How would it change our approach to creating knowledge and making decisions?

    Current approach is a data-driven, IT-heavy process

    Bigger and better IT systems – more measures, more areas of the business

  • What if we reshaped our assumptions …

    … new paradigm for knowledge and information based on rhetoric and its close cousin, design

    … focus on users and communication process, not data and measures

    What difference would it make, what new horizons for our thinking about decision-making?

    What new opportunities could it create for information designers in particular?

    Stop treating senior managers and Boards like human supercomputers …

    … expected to process larger and larger volumes of information in smaller and smaller timeframes

    Instead, humans as meaning-makers …

    Board Risk papers user’s question: what does it mean?

    Her struggle was not with the parts, but the whole
  • If we make “meaning-making” the focus of our knowledge paradigm, then we find that there is a very different decision-making pathway

    Meaning-making begins with a conceptual framework, a gestalt of the system or set of processes that you are administering … … not a detailed engineering flow-chart …
    … but a high-level mental map which enables us to locate information and recognise where it fits.

    This is particularly important in today’s business world, where the systems and processes being managed are not tangible production processes easily viewed from an office above the factory floor, but are intangible and non-spatial.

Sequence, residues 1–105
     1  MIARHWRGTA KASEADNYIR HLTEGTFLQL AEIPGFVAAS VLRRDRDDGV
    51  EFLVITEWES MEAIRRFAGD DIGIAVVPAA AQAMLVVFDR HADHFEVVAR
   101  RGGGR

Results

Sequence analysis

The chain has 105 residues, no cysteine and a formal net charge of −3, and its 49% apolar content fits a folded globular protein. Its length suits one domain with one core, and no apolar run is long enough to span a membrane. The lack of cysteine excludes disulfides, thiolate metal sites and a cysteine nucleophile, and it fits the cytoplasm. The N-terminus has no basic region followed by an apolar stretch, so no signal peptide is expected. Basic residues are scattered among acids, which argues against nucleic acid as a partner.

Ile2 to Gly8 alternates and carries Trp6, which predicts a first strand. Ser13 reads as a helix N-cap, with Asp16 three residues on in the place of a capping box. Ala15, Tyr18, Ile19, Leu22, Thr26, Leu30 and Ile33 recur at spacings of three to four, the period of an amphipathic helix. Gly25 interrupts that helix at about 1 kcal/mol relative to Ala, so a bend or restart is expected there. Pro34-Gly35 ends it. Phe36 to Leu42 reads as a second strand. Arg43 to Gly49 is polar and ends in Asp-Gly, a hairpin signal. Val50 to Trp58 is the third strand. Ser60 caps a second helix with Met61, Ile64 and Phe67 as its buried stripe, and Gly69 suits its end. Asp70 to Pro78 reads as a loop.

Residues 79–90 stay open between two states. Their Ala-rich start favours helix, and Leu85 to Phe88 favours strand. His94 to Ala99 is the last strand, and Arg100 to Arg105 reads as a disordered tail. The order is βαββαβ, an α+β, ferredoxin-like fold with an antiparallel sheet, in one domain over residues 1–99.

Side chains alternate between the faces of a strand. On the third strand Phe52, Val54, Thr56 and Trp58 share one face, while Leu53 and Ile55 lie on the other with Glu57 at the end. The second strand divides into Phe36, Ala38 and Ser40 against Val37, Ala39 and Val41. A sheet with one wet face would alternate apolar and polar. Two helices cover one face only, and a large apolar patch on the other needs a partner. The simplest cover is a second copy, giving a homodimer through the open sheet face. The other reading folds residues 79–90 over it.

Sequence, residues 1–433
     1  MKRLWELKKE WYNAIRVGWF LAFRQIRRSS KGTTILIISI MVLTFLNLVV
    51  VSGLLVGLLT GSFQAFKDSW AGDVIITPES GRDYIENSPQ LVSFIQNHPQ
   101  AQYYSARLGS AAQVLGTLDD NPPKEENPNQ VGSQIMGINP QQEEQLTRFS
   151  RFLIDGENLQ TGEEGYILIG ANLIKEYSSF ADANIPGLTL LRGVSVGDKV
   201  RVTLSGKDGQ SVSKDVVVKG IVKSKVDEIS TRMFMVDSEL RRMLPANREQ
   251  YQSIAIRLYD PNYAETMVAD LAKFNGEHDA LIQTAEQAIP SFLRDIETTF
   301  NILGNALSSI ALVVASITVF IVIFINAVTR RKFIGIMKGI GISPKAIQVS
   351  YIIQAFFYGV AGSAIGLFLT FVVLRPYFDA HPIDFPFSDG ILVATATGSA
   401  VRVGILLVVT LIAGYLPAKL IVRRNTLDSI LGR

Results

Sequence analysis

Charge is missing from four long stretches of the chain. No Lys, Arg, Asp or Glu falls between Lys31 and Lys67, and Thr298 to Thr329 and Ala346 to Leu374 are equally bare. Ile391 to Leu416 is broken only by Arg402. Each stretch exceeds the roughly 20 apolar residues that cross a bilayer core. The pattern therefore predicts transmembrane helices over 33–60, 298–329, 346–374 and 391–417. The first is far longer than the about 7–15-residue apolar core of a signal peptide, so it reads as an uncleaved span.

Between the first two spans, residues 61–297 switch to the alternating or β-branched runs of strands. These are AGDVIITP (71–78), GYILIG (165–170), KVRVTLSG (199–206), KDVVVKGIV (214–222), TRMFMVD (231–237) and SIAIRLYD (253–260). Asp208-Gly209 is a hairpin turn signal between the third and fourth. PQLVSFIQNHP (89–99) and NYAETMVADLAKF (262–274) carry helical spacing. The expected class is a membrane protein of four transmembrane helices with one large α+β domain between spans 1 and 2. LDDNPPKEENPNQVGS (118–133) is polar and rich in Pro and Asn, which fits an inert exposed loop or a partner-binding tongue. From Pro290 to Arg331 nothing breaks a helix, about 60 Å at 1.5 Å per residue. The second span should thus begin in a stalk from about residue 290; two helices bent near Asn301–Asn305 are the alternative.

It became very clear during the global financial crisis that many senior managers and Board members did not have a clear conceptual picture of the systems and commercial interactions they were responsible for.

  • With a mental map in place, we are now ready to receive specific information about current issues and performance …

    … but not the volumes of data and reports filled with operational detail that are the current inputs to organisational decision-making.


    Revise*** [focus is on wrong level of information]
    We need to recognise that information becomes meaningful strategic knowledge when it is synthesised by human knowers …

    … who are aware of what the most important strategic questions are
    … who have direct knowledge of the operational context and can see where the most significant issues are
    … who are empowered to think and make judgments about what the key stories and messages are